Explore the life and legacy of Richard III with our introductory articles below. These focus upon the key themes and circumstances before, during and after Richard's reign.
Within each introduction are a number of further articles on other important aspects regarding that particular theme, plus an overview of the main sources that provide us with vital evidence.
In the time Richard spent in the north during his youth, he forged some close connections with members of the northern elite. However, he still had a considerable amount of work to do to extend his authority and security in the north as he entered adulthood.
Medieval monarchs were eager to be seen as pious and Richard III was no exception. Public worship and the endowment of religious institutions were the key ways in which this royal piety was expressed.
The relationship between a monarch and his cities was enacted through the giving of gifts. Citizens contributed money towards presents as a way of persuading a local lord to act in their favour, or in gratitude for doing so. As a key noble figure in the north during the 1470s and later as king, Richard received numerous gifts from the citizens of York.
Richard spent three weeks in the city of York in August/September 1483 - a stay filled with welcoming speeches, pageants, gift-giving and feasting. The centrepiece of the royal visit was the investiture of his son as Prince of Wales, a lavish event that highlighted the importance of York to the king as well as his son's position in the north.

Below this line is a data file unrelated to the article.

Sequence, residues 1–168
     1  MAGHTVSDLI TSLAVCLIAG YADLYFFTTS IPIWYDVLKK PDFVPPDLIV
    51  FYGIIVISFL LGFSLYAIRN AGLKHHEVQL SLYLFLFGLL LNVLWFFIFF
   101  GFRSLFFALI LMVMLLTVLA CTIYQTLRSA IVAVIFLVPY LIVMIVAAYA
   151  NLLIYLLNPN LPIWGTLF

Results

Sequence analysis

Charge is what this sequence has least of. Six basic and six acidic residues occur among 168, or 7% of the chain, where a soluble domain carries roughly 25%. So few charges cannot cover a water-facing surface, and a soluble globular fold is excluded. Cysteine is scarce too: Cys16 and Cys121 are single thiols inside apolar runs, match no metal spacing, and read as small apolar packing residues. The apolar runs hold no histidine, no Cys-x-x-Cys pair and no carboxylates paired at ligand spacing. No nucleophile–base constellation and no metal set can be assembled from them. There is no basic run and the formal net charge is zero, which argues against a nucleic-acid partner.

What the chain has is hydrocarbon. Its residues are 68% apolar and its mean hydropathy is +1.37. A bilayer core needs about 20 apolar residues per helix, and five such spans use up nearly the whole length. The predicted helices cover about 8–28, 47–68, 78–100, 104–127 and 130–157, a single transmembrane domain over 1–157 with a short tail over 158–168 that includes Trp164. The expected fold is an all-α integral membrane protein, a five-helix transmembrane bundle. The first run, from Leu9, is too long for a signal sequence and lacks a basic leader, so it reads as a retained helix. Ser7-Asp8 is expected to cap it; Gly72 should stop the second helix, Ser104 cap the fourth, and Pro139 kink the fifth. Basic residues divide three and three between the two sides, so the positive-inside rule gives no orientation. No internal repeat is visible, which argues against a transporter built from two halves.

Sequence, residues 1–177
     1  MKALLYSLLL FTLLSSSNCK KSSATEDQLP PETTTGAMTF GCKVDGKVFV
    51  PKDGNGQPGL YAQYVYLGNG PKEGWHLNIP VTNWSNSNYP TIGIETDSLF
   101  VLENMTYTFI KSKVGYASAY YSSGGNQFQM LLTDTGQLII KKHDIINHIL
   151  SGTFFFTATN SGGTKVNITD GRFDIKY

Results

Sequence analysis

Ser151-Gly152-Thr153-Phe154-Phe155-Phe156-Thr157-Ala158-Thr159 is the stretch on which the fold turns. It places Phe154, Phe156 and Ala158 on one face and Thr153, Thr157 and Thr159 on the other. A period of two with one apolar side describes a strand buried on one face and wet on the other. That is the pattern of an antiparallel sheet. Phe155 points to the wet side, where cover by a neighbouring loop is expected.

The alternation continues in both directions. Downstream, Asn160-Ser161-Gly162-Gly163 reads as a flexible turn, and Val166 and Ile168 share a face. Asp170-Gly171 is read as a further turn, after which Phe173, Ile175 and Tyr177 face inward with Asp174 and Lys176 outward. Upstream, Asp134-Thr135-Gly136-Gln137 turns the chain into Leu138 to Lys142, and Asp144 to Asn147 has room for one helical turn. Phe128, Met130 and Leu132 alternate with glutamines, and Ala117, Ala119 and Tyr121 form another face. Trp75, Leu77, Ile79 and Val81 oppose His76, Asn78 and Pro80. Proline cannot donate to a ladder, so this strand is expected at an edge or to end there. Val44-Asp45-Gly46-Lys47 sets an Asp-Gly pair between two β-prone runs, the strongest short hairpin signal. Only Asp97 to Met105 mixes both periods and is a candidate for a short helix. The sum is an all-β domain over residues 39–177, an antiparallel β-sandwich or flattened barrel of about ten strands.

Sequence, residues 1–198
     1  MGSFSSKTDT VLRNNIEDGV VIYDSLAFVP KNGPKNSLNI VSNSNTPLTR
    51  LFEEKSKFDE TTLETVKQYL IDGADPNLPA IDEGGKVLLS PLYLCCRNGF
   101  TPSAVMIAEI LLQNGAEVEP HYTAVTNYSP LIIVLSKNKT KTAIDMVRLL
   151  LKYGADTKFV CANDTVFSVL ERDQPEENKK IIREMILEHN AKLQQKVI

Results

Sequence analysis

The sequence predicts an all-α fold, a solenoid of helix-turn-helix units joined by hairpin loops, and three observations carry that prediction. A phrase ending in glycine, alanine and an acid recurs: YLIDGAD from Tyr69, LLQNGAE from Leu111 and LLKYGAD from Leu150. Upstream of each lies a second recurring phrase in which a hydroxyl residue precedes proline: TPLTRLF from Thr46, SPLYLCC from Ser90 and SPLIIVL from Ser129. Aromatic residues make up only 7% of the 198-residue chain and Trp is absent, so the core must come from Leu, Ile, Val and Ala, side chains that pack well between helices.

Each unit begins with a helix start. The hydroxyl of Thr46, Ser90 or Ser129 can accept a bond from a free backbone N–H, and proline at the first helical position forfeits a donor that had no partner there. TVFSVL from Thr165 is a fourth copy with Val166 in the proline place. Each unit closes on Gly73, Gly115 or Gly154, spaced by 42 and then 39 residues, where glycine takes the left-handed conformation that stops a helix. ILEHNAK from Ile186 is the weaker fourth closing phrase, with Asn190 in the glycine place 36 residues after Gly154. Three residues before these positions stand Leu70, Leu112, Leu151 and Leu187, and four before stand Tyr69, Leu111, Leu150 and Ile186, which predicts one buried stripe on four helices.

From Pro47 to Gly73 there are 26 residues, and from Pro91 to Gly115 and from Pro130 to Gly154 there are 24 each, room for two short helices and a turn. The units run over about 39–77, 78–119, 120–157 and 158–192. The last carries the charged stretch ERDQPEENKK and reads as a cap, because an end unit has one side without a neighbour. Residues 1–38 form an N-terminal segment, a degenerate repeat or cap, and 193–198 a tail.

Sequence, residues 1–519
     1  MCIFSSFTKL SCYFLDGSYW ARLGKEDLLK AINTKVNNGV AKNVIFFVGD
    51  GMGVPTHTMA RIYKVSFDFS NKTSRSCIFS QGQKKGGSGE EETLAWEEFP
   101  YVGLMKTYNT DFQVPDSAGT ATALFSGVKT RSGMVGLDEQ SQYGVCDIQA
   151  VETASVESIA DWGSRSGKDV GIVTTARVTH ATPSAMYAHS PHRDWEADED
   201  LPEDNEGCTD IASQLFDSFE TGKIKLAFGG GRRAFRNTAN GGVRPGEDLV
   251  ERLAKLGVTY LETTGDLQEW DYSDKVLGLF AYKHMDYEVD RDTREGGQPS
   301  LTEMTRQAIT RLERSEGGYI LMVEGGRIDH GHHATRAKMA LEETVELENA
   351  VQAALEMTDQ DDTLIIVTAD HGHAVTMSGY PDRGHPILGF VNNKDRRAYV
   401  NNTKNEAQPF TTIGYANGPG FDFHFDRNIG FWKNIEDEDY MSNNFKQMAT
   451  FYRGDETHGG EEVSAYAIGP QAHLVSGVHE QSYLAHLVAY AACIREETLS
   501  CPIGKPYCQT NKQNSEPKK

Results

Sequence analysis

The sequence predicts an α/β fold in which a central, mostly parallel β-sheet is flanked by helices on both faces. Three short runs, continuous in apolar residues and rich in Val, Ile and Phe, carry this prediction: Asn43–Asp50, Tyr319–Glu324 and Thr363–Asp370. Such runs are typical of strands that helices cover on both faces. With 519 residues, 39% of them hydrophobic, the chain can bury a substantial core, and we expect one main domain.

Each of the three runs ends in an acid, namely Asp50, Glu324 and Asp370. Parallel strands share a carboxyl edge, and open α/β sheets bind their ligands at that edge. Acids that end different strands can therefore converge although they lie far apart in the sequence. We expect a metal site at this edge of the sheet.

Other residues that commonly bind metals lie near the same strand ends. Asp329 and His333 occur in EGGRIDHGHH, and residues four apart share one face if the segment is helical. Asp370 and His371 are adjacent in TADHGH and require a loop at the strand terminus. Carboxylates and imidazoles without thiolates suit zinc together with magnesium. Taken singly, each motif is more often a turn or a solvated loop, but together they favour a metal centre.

Richard III's death at the battle of Bosworth was noted by York's civic leaders with great sorrow. The city had nurtured a fruitful relationship with the king, welcoming him in splendid style, providing military support and receiving rewards in return. Yet his popularity across the wider city was ambiguous and glimpses of local views in the civic records highlight that opinion was divided.
Richard III's reign was established, protected and defended with the help of military backing from York and Yorkshire. The supply of fighting men was a critical aspect of Richard's relationship with the county, both as duke of Gloucester and as monarch.